Exactly eight years ago, SpaceX achieved something remarkable when it landed its Falcon 9 booster upright for the first time.
It was no mean feat. One of those present at SpaceX headquarters on the night of the historic mission compared it to “like launching a pencil over the Empire State Building, having it reverse, come back down, and land on a shoe box on the ground in a wind storm.”
The achievement was a huge leap forward for SpaceX’s mission to create a reusable spaceflight system to drastically reduce the cost of orbital missions, increasing space access to more companies and organizations wishing to deploy satellites or conduct research in space.
The video below, posted by SpaceX on Thursday, includes the moment the company nailed its first booster landing back in 2015.
Eight years ago today, SpaceX successfully landed an orbital class rocket for the first time. Since that time, SpaceX has landed Falcon rockets more than 250 times and counting pic.twitter.com/r8pAfMQxiU
— SpaceX (@SpaceX) December 21, 2023
It took SpaceX five years and 20 flights to achieve the first upright landing of a returning Falcon 9 booster. Some attempted landings saw the 41.2-meter-tall vehicle touch down before toppling over and exploding, while other times, the booster was deliberately ditched in the ocean without any attempt to land it.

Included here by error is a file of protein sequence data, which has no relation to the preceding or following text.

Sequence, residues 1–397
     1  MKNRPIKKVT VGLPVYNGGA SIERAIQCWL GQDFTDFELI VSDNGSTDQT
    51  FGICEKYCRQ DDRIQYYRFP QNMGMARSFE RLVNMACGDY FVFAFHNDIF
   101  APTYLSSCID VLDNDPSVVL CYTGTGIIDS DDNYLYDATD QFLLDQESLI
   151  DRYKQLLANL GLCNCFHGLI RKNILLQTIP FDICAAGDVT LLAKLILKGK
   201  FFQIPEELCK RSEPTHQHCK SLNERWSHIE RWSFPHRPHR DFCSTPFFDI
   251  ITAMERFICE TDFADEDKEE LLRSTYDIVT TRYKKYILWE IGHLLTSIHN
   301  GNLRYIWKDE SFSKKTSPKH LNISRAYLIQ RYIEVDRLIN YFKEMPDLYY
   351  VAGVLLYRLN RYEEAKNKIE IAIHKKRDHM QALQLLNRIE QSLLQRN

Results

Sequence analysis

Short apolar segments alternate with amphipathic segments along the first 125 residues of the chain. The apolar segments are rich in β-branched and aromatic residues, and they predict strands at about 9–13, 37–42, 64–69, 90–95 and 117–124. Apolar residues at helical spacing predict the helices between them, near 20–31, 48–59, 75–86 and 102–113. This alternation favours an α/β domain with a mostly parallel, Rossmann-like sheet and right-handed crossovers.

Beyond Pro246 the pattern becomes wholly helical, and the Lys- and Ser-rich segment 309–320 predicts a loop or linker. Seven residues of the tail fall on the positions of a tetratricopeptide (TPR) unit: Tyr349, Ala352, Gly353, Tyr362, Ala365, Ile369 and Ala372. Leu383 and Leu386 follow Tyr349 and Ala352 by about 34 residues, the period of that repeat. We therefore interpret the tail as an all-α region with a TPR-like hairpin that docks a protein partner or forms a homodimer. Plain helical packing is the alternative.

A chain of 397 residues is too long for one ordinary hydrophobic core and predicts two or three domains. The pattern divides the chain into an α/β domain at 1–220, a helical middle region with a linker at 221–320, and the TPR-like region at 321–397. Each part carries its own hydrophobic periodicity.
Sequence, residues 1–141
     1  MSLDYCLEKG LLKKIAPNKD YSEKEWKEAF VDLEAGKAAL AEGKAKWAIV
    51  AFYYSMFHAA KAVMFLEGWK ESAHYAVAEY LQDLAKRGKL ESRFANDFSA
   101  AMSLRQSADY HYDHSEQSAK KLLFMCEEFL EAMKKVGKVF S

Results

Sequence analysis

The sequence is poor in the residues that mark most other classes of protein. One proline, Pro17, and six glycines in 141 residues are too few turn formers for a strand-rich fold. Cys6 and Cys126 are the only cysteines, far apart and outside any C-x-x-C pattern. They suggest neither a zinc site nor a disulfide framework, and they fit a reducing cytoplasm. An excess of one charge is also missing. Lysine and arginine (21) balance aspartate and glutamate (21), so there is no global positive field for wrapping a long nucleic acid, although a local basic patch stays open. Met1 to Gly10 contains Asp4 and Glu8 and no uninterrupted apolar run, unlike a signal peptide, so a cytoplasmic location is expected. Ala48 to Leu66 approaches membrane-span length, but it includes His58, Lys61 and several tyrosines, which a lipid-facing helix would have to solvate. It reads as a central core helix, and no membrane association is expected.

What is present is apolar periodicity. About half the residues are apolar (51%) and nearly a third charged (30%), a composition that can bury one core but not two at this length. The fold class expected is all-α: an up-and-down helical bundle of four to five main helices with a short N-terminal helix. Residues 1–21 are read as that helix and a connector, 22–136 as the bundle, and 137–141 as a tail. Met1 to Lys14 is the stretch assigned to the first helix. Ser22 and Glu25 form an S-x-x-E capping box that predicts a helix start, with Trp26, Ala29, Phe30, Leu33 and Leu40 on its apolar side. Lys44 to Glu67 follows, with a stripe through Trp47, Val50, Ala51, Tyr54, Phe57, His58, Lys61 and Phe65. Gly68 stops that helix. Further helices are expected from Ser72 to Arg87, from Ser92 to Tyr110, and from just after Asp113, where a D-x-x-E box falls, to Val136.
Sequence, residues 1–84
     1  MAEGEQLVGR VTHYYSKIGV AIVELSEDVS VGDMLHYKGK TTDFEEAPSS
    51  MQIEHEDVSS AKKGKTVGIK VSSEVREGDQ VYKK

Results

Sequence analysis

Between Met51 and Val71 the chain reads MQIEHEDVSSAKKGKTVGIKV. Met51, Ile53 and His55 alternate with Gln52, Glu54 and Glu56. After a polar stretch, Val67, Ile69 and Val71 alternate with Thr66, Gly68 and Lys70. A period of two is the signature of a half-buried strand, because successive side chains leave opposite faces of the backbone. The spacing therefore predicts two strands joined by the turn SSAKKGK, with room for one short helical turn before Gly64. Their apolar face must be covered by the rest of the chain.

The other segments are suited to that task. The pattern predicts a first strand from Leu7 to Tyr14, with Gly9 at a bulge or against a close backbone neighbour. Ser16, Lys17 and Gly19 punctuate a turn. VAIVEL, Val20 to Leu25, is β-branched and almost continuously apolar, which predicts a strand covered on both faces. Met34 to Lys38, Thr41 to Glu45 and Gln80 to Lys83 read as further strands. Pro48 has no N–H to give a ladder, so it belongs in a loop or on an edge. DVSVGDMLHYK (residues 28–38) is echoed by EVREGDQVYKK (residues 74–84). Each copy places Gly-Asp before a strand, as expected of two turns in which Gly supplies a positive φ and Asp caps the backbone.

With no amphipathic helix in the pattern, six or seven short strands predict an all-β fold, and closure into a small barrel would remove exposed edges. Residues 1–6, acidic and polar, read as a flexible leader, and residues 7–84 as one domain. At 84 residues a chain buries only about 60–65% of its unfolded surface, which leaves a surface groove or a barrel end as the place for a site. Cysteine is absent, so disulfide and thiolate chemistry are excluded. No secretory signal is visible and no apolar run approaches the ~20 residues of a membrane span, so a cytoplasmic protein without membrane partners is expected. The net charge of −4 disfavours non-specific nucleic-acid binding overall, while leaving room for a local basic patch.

That first successful touchdown took place on a ground pad, but after that, SpaceX wanted the option of landing on a drone ship in the ocean, too. The first attempt in January 2016 failed, as did the following one in March of the same year. But learning from its errors, SpaceX achieved its first drone landing in April 2016.
Since then, SpaceX has nailed the vast majority of its Falcon 9 landings on land and water, with the last failure occurring in February 2021.
As of today, Falcon 9 rockets have flown 281 times and completed 239 landings, enabling a total of 214 re-flights. One of its first-stage boosters has flown an impressive 18 times, with many others also still being used for multiple missions.
Besides carrying satellites to space, the Falcon 9 is also involved in cargo and astronaut missions to the International Space Station. The successful spaceflight system has also paved the way for the development of the larger Falcon Heavy rocket (basically three Falcon 9 boosters strapped together), and the most powerful rocket of all time, the Super Heavy, otherwise known as the Starship.
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